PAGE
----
After months of excitedly showing off artist renderings and offering architectural explanations, Daytona International Speedway announced this week that it’s ready to break ground on the track’s historical redevelopment project.
Shovels will hit the dirt in a public ceremony on Friday, July 5 with infrastructure preparation beginning at the facility on July 8—the Monday after the Coke Zero 400. Completion of the new state-of-the art frontstretch grandstands is targeted for January 2016.
“This is the key to our future,’’ Daytona International Speedway President Joie Chitwood III told reporters Tuesday, as the track unveiled the project’s new logo and philosophy: “DAYTONA Rising: Reimagining an American Icon.”
“Everything about the race fan’s experience from seating to concessions to merchandise to convenience will be reimagined to create the world’s first true motorsports entertainment complex,’’ Chitwood said, repeatedly promising the work would “harness the power of imagination.’’
“Today is day 1 of 927 days that will get us to January 1, 2016,’’ Chitwood said.
The estimated $400 million renovation focuses primarily on the massive frontstretch of the 2.5-mile superspeedway, enhancing the fan experience at the 54-year-old facility, considered the sport’s flagship property.
It will include bigger, wider seats, additional vertical transportation in the grandstands, five new massive entryways and perhaps the most innovative part of the project, 11 “neighborhoods”—each the size of a football field—where fans can gather and mingle without missing any of the race.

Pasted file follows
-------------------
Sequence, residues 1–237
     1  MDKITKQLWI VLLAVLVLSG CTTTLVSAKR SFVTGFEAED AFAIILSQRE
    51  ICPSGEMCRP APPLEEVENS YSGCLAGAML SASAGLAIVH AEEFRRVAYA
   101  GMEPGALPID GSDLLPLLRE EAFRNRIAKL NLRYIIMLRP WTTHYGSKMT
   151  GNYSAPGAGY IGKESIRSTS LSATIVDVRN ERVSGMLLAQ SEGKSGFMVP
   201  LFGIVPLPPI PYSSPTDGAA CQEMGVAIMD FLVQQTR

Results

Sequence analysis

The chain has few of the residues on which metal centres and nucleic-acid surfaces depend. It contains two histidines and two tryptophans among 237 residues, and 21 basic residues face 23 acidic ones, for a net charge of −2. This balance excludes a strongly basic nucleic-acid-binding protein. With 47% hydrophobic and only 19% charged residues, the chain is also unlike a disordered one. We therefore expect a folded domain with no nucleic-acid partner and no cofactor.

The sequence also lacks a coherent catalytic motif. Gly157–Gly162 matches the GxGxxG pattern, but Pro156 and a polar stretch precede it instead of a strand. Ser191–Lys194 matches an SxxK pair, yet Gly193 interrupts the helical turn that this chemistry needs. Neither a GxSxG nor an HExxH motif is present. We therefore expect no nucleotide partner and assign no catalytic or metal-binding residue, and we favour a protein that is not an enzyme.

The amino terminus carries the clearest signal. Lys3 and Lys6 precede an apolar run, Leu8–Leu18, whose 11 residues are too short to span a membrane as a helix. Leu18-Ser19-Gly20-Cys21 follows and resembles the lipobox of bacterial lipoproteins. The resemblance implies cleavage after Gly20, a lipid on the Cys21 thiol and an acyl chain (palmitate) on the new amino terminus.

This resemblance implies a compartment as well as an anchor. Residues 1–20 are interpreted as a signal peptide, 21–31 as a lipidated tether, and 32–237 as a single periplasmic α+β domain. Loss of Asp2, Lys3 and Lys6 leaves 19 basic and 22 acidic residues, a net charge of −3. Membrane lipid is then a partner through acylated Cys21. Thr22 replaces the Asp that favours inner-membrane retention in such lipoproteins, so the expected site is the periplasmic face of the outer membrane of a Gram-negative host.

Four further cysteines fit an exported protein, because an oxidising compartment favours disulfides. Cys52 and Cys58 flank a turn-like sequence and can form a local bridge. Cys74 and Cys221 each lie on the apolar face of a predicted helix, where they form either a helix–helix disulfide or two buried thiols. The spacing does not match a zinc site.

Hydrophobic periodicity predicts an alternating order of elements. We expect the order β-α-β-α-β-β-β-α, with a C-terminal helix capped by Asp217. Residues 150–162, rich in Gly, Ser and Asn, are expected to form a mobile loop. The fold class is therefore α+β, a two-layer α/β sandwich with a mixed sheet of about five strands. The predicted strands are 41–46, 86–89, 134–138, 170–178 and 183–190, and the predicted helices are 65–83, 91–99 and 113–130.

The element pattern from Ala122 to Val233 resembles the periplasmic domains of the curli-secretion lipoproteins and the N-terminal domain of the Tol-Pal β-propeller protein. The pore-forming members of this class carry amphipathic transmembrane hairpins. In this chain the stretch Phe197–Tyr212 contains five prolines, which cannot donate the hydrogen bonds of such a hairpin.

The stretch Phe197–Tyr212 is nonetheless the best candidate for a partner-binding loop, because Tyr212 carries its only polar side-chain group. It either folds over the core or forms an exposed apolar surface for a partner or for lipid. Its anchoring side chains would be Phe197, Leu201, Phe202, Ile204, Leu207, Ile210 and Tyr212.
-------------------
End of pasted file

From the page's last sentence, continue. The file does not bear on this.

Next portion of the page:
Eventually the back straightaway or “superstretch” grandstands will be removed, rearranging all seating to the front, where Chitwood says every fan will have the opportunity to enjoy all the amenities. And, he stressed, the track is committed to continuing to provide free parking lots, and allowing fans to bring in their own coolers. “
We understand the commitments to the fan and have to readjust our pricing so there are affordable priced seats on the frontstretch,’’ Chitwood said. “We’re not going to leverage our ticket prices. We know fans need some good entry-level pricing. We are committed to this in our redevelopment."
International Speedway Corporation, which owns Daytona and 12 other race tracks, will finance the majority of the project after the Florida state legislature failed to approve a public/private partnership in its most recent session.
Chitwood said the primary difference in the plan now versus what was proposed to the legislature is that the track won’t be significantly revamping the “midway” or outside area between the speedway and International Speedway Boulevard.
He did, however, promise to continue his efforts with the state, saying “I do believe we should be treated more fairly, like the other sports properties."
Fans won’t notice much difference to the facility next month for the annual Coke Zero 400 summer race as the initial work will be done largely underground and to infrastructure. The seating relocation to the frontstretch will happen in phases.
"For 2014, there will be no changes to any seats we have front or backstretch,’’ Chitwood said. “In 2015, there will be some seat relocation. As we get closer to 2015, we’ll communicate with fans. It will be significant."
The speedway has already undergone significant reinforcement of its crossover gates in wake of an accident during the Feb. 23 NASCAR Nationwide Series season opener.
For more, visit www.nascar.com.
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